Policy Changes on Luxury Car Scraping in Singapore

Singapore’s car industry operates under a unique set of policy governing vehicle ownership. From the COE system to the Preferential Additional Registration Fee (PARF) rebate, these policies significantly influence the buying, selling, and usage of cars in the country. This article explores how recent changes in the PARF rebate and the increase in Additional Registration Fee (ARF) for luxury cars have impacted the likelihood of high-end luxury cars and supercars being scrapped after 10 years in Singapore.

The PARF Rebate and Car Population Management

Singapore uses the PARF Rebate as a tool to maintain a young population of cars on its roads. Cars that are deregister before 10 years receive a percentage of the ARF back as a PARF Rebate. However, if a car exceeds 10 years, no PARF rebate is given upon deregistration. Consequently, car owners are incentivized to deregister their vehicles instead of extending the COE beyond the initial 10-year period.

Changes in PARF Rebate Policy

As of February 15, 2023, there has been a significant change in the PARF rebate policy. For new cars register on or after this date, the PARF rebate is now cap at a maximum of $60,000. While this may not affect most cars in Singapore, it has significant implications for high-end luxury cars and supercars.

Impact on High-End Luxury Cars & Supercars

Luxury cars and supercars often have high ARF values due to their premium features and specifications. The increase in ARF rates, up to 320% for the highest OMV tier, has further inflated the initial cost of these vehicles. For instance, let’s consider a Porsche 911 Carrera PDK 3.0 (A), which currently has a sales price of $559,888 (excluding COE), an OMV of $125,487, and an ARF of $281,558 (including a $25,000 VES Surcharge). Prior to the policy change, the PARF rebate for this car after 10 years would have been $128,279, resulting in a difference of $221,558 between ARF paid and PARF rebate.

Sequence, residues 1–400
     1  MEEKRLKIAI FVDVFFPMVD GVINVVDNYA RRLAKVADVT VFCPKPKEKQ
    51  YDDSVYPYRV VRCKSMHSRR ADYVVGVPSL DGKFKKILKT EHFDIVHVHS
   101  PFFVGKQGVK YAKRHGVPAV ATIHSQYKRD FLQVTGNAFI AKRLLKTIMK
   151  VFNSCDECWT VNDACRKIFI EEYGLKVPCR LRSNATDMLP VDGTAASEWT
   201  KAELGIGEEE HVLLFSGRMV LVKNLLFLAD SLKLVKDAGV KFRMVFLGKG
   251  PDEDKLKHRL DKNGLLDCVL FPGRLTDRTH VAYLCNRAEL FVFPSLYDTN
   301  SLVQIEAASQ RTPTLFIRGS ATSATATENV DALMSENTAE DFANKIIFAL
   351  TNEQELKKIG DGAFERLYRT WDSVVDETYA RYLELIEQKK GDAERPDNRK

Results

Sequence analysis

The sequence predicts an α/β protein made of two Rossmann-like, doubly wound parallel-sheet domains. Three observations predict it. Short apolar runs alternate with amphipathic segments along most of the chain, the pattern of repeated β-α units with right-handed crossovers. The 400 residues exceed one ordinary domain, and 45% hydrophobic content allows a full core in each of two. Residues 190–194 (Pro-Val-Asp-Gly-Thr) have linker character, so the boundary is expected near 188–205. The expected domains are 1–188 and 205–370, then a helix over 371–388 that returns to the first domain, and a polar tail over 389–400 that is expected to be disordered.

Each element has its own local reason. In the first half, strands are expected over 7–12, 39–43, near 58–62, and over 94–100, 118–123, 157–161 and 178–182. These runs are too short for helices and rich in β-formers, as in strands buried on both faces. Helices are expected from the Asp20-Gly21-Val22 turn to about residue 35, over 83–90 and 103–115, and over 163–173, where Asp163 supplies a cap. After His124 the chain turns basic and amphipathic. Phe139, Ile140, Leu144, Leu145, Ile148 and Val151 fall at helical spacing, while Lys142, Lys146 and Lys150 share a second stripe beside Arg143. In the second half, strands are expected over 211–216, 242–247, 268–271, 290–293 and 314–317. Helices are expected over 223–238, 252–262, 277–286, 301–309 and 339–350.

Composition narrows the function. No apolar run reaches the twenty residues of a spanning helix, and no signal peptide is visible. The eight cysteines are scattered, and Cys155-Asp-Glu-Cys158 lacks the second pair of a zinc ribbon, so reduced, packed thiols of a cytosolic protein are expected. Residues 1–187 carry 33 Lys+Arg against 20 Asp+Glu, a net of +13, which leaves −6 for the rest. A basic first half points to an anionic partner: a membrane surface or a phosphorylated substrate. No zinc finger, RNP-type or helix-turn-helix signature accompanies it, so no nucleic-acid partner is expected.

The Impact of the Policy Change

Under the new policy, the capped PARF rebate for this luxury car would be $60,000, reducing the difference between ARF paid and PARF rebate to $221,558 – $60,000 = $161,558. This significant reduction in the potential rebate makes it less enticing for owners to deregister their luxury cars after 10 years.

Increased COE Extensions for Luxury Cars

As a consequence of the reduced PARF rebate and higher ARF, we can anticipate that many luxury car owners will opt to extend their COE beyond the initial 10 years. By doing so, they can continue to enjoy the use of their luxury vehicles without losing out on the PARF rebate entirely.

The Future of the Used Luxury Car Market

The shift towards COE extensions for luxury cars is expect to have an impact on the use car market in Singapore a decade from now. With a growing number of high-end luxury cars and supercars remaining on the roads, the supply of used luxury cars is likely to decrease. As a result, the demand for these pre-owned luxury vehicles could rise, potentially driving up their prices.


Singapore’s unique car ownership policies, particularly the PARF Rebate system, play a crucial role in regulating the population of cars on the roads. Recent changes in the PARF rebate policy, combined with higher ARF rates for luxury cars, have shifted the incentives for car owners in Singapore.